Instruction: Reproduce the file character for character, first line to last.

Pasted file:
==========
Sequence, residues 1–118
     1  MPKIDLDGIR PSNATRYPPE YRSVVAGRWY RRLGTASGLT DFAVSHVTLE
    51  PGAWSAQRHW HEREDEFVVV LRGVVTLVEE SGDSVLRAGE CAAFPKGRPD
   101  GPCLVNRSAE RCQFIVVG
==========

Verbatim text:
Sequence, residues 1–118
     1  MPKIDLDGIR PSNATRYPPE YRSVVAGRWY RRLGTASGLT DFAVSHVTLE
    51  PGAWSAQRHW HEREDEFVVV LRGVVTLVEE SGDSVLRAGE CAAFPKGRPD
   101  GPCLVNRSAE RCQFIVVG